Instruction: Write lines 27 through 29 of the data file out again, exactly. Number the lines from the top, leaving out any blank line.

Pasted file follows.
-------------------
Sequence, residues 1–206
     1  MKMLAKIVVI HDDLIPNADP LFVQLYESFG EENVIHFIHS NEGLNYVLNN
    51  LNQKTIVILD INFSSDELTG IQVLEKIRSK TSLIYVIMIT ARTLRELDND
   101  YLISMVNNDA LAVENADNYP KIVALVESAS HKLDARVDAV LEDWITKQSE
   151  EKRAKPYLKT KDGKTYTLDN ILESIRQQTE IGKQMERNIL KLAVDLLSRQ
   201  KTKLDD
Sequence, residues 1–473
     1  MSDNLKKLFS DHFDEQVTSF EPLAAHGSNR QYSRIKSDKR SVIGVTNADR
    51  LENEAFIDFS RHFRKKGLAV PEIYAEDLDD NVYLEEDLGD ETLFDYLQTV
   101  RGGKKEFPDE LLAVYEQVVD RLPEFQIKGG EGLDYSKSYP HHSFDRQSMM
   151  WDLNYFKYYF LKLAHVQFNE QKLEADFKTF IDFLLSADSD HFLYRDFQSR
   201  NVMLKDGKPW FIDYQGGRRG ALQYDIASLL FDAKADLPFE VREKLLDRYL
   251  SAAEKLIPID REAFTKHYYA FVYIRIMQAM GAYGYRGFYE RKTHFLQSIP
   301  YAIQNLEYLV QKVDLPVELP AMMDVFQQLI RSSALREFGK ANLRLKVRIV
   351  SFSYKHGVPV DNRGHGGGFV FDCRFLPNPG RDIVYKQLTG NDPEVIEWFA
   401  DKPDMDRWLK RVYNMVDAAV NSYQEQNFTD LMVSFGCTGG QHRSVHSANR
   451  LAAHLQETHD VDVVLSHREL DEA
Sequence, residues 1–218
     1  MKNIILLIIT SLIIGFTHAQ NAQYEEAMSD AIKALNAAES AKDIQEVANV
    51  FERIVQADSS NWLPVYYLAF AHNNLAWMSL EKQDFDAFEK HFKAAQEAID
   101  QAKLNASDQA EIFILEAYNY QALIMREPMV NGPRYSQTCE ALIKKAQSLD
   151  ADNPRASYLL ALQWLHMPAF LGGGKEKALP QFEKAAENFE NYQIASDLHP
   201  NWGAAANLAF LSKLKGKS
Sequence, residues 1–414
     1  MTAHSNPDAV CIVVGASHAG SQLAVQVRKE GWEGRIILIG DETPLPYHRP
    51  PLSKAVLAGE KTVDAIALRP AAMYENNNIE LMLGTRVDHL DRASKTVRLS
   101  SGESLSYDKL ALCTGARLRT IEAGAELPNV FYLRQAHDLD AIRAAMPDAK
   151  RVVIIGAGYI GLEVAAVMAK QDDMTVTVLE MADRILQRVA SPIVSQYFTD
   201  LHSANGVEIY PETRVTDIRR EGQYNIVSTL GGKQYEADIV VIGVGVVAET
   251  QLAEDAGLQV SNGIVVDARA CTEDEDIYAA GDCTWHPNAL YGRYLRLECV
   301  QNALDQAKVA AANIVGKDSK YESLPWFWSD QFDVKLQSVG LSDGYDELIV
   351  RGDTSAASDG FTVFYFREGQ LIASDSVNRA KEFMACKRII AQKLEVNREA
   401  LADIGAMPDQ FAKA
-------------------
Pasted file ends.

   101  SGESLSYDKL ALCTGARLRT IEAGAELPNV FYLRQAHDLD AIRAAMPDAK
   151  RVVIIGAGYI GLEVAAVMAK QDDMTVTVLE MADRILQRVA SPIVSQYFTD
   201  LHSANGVEIY PETRVTDIRR EGQYNIVSTL GGKQYEADIV VIGVGVVAET